Peripheral arterial occlusive disease
If peripheral arterial occlusive disease occurs, the blood flow in the legs is disrupted. This is caused by arteriosclerosis of the legs, leading to arterial constriction or occlusion. The resulting circulatory disorder causes pain and facilitates the development of infections with the formation of skin ulcers and the death of skin (necrosis).
Smoking is a major risk factor for the occurrence of arteriosclerotic changes in the leg arteries. This is why the disease is also known as smoker's leg in layman's terms. Diabetes, high blood pressure and elevated cholesterol are further risk factors. Men are affected twice as often as women.
The first signs of circulatory disorder are a feeling of coldness and pale skin in the affected areas. Circulatory disorders in the legs often cause the characteristic pain while walking. Patients can thus only walk short distances and must stand still time and again. This is why the disease is also known as intermittent claudication, illustrates the typical walking pattern where the patient stands still time and again while walking in the city. If the circulatory disorder worsens further, this results in blood supply disorders of the tissue. Then ulcers develop which almost never heal. If the circulation is very bad, the tissue dies. This death of the tissue, known in medical terms as necrosis, causes black discolouration in the affected region. Bacteria infections which are very difficult to treat can easily arise tissue which is poorly supplied with blood.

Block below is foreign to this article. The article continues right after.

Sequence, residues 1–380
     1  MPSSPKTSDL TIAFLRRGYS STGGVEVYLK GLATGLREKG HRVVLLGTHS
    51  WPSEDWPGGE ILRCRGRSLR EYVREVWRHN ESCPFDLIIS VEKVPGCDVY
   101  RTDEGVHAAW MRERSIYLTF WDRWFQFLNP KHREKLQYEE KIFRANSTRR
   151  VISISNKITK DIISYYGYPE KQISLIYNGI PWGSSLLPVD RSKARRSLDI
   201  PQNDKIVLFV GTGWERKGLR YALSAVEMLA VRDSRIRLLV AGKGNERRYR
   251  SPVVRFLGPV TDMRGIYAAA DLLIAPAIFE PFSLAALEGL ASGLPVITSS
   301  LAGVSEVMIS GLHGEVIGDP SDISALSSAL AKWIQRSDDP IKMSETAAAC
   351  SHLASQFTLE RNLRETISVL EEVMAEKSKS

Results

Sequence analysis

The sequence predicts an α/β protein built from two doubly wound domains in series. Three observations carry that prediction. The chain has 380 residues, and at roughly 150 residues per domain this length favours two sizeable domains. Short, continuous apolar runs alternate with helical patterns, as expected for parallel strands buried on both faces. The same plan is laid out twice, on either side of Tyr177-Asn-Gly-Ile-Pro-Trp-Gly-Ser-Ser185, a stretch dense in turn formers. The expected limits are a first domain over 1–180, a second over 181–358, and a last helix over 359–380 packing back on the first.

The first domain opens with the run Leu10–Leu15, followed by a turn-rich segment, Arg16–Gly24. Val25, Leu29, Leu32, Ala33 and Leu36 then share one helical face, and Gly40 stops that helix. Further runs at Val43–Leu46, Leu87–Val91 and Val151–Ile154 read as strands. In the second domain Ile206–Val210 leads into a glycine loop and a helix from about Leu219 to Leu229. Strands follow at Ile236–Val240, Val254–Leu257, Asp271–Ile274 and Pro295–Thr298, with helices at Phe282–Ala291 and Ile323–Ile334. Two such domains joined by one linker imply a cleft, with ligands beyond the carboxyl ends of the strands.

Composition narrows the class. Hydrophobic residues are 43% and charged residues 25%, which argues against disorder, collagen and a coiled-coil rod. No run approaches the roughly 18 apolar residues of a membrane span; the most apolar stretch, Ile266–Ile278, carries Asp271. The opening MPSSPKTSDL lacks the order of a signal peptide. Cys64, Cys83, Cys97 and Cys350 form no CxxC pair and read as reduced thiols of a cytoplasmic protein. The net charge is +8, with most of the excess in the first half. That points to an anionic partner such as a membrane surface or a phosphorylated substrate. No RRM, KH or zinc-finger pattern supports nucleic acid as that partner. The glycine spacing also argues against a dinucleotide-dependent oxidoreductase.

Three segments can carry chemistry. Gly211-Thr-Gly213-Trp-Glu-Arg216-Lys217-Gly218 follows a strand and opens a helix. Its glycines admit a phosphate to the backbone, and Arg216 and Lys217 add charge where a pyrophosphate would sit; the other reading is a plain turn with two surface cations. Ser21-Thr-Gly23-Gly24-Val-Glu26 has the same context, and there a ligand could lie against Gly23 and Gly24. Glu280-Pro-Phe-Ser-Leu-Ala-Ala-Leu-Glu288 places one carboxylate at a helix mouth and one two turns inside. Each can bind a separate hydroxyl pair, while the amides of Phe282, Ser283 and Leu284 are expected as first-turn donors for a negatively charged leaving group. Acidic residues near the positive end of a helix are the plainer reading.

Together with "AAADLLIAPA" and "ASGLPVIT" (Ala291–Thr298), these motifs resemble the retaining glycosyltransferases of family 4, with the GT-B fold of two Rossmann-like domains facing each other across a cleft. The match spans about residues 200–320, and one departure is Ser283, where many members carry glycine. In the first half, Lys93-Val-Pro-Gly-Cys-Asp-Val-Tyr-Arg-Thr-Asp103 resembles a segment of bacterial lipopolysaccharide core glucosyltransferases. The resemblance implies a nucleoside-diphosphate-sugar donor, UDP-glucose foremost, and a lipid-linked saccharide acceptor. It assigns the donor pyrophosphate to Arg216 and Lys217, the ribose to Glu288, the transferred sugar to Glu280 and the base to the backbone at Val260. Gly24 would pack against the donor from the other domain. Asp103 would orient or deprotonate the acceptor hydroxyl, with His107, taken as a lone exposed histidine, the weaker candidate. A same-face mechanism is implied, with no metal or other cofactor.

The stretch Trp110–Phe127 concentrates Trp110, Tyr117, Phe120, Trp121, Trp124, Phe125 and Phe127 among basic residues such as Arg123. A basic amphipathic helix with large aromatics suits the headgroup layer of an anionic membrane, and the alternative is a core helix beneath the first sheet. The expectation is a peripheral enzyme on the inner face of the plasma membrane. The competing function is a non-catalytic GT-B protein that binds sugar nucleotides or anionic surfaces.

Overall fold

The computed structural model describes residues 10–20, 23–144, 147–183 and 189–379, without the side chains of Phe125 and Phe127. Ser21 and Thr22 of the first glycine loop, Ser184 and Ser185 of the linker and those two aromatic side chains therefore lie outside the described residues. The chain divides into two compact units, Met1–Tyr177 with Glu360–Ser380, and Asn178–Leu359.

Peripheral arterial occlusion disease is diagnosed on the basis of the typical symptoms and with various examinations. For example, measuring the blood pressure in the legs and radiological examination of the leg arteries with contrast agent (angiography).
The treatment depends on the severity of the disease. The primary goal of the therapy is to improve the circulation, which means it is very important to avoid risk factors such as smoking. The patient's circulation can be improved with targeted movement training. Medication is used to expand the arteries and to prevent blood clots from forming. However, surgical procedures are often required to resolve the arterial occlusion. You can find out more in the endarterectomy and balloon dilation sections. In severe cases with wide-spread necrosis, the leg can sometimes only be saved with toe amputation or amputation of a foot.